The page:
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Super picky 6 year old: give in or keep forcing the issue? - Page 3

post #41 of 45

See, and I think the OP is sensitive enough to her child to balance his need to control what he eats in the present and his need to learn good manners and competent self-care. I don't think she's going to force her kid to eat things that make him vomit and I don't think she's going to raise an ungrateful, ill-mannered person. 

 

There are a lot of things to keep in mind when we address this issue. Do you want to have a big conflict with your kids about food? My answer: not even in the short term, your answer may be different.  Do you feel put-upon if you have to cook different things for every member of the family? My answer is no, but many parents really hate doing this. Are you worried about allergies? Me: no, you, maybe yes.

 

Do you value raising your children to seem French, and are you willing to cook your way through Julia Child in order to make that happen? I don't want a French kid, no matter how much fun it would be to cook like that...I know that's not the point of the book, but I'm getting a little tired of trying to make my kid into a Parisian or an Amazonian hunter-gatherer. I want to raise him in my culture, thanks. For heaven's sake, I actually WANT him to be picky and not to eat foods he doesn't like. Seriously. It was not good for me that I ate whatever people asked me to eat when I was a child. He needs to learn to assert himself politely at the table without hurting the cook's feelings. That's also a skill. 

 

I think you have to look at yourself, and look at your kids, and decide which feels like the right way to you. I've seen both directions done badly and done well. It's really no fun to have a gathering with parents who expect children to eat everything if their kids don't want to do that. Yes, that can sometimes work but sometimes, it's just a lot of parent-kid bickering. Ick. 

post #42 of 45

What has been proposed concerning putting food in front of a child, demanding the child eat it, and *thank* the uncaring person who put it there infuriates me.

 

That would be really infuriating, if anybody had said that. But not even the poster who got all het up and had some of her posts deleted said that. In fact, she suggested that no notice whatsoever be paid to what a child does or does not eat when the family dines together. 

 

I require my children to try all foods that they are served, and to refrain from any negative comments to the chef. (Particularly when the chef is not me.) I'm sorry if you were forced to eat large portions of food you didn't like in childhood - but I'm not doing that. 

 

BTW, if I were uncaring, I'd just let my my kids eat whatever they wanted, because that would be very easy here in the land of cheap junk food. Cultivating a healthy palate is much harder. Anybody who is doing that for their children cares a whole heck of a lot about them. 

post #43 of 45
Quote:
Originally Posted by Smithie View Post

What has been proposed concerning putting food in front of a child, demanding the child eat it, and *thank* the uncaring person who put it there infuriates me.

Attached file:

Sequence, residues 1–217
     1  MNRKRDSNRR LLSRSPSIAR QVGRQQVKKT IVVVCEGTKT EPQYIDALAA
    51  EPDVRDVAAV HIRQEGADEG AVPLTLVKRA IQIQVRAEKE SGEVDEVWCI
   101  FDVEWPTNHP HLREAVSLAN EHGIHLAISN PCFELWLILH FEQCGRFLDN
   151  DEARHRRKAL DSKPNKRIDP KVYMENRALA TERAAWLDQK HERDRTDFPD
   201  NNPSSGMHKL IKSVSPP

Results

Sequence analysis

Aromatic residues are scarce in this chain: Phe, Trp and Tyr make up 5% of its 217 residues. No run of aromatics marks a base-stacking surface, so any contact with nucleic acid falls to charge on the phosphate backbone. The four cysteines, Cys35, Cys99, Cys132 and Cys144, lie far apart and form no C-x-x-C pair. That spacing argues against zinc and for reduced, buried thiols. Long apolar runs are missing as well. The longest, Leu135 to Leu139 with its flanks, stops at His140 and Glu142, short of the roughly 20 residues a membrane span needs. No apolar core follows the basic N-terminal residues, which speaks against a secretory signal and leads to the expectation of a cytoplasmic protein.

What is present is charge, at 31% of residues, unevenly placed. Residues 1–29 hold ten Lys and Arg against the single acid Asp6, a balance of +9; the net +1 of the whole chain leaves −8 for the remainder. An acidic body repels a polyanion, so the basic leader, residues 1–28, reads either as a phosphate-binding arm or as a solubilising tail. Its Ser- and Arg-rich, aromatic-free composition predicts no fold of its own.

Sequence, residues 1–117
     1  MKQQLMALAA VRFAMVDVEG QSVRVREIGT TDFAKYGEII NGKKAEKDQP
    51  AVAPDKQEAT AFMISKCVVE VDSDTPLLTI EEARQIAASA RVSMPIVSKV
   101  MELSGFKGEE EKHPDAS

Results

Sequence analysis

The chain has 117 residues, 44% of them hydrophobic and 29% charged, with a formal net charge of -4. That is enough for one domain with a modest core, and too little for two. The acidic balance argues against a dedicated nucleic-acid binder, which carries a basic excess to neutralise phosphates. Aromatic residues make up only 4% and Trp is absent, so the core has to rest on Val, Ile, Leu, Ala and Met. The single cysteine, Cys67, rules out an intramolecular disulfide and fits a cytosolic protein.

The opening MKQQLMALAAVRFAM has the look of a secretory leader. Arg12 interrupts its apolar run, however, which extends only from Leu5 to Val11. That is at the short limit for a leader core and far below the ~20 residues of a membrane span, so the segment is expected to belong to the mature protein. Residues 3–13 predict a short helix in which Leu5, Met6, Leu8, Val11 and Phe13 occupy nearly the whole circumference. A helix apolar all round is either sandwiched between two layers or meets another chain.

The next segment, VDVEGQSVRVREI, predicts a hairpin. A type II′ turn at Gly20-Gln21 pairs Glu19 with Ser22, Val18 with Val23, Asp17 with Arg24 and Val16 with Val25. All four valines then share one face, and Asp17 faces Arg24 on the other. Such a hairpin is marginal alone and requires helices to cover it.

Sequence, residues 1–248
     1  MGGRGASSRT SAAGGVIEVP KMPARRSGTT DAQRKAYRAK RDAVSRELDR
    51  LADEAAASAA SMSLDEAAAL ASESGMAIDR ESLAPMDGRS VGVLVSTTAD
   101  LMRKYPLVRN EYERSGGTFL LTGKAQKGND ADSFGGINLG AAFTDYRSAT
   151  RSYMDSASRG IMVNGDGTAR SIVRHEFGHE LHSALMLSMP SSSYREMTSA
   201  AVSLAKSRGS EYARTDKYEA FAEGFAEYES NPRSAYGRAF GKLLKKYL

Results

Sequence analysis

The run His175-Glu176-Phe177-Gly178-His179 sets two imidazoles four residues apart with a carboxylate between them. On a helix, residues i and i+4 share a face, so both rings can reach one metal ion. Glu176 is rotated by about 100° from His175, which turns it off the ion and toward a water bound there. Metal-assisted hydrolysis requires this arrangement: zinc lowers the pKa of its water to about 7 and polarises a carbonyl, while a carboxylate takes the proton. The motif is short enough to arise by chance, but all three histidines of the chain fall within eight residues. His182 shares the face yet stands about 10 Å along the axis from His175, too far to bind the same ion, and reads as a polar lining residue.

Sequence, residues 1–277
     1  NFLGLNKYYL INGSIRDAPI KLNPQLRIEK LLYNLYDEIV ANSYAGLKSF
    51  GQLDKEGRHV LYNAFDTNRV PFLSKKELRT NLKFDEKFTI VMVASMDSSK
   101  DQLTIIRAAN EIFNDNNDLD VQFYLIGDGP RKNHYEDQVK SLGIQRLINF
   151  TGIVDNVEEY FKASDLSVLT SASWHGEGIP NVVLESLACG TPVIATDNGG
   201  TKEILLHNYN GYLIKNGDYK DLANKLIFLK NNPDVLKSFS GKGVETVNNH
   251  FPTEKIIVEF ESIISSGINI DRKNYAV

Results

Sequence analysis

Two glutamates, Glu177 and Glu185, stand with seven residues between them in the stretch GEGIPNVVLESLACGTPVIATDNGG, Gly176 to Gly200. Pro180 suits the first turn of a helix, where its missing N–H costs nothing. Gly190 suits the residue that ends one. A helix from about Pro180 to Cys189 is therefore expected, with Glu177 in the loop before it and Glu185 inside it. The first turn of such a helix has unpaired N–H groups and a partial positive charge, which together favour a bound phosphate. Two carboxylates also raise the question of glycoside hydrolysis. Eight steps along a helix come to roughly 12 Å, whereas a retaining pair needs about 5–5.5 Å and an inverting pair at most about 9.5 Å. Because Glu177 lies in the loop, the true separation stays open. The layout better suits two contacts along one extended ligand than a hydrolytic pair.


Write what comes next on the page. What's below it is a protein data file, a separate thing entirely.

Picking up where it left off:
That would be really infuriating, if anybody had said that. But not even the poster who got all het up and had some of her posts deleted said that. In fact, she suggested that no notice whatsoever be paid to what a child does or does not eat when the family dines together. 


I require my children to try all foods that they are served, and to refrain from any negative comments to the chef. (Particularly when the chef is not me.) I'm sorry if you were forced to eat large portions of food you didn't like in childhood - but I'm not doing that. 


BTW, if I were uncaring, I'd just let my my kids eat whatever they wanted, because that would be very easy here in the land of cheap junk food. Cultivating a healthy palate is much harder. Anybody who is doing that for their children cares a whole heck of a lot about them. 

Check your posts.

The poster who had her posts removed was abusive in her remarks.

I'd rather cultivate compassion by example than a palate. I believe everyone, when having equal opportunity to truely healthy foods (and I believe many are misguided in their beliefs of what is healthy) will choose a balanced diet over the course of a couple of weeks.
post #44 of 45

I didn't see any of the stuff that was deleted - I'm sure it was quite nasty and personal in order to draw moderator attention. But if she said that she berated her children at the table or forced them to eat particular things, then those bits contradicted her initial post significantly and were gone before I revisited this thread.

 

"Compassion" vs. "a palate" is a false dichotomy. It's our job as parents to cultivate BOTH. But I think that we do not actually disagree about this, because "I believe everyone, when having equal opportunity to truely healthy foods (and I believe many are misguided in their beliefs of what is healthy) will choose a balanced diet over the course of a couple of weeks" is pretty much exactly how I would describe my approach to child nutrition. My children are allowed to decline foods they don't want to eat. They just aren't allowed to be discourteous about it or to make their eating choices a focus of attention at the table, and they are not allowed to demand an alternate meal. 

post #45 of 45
There are some who clearly haven't understood what I was saying. I shall hope the OP understood. I believe the OP to be a caring mother, and I am certain *her* child is not vomiting, or even near vomiting. I am also certain she is compassionate. Therefore, I'm not going to say any more here.
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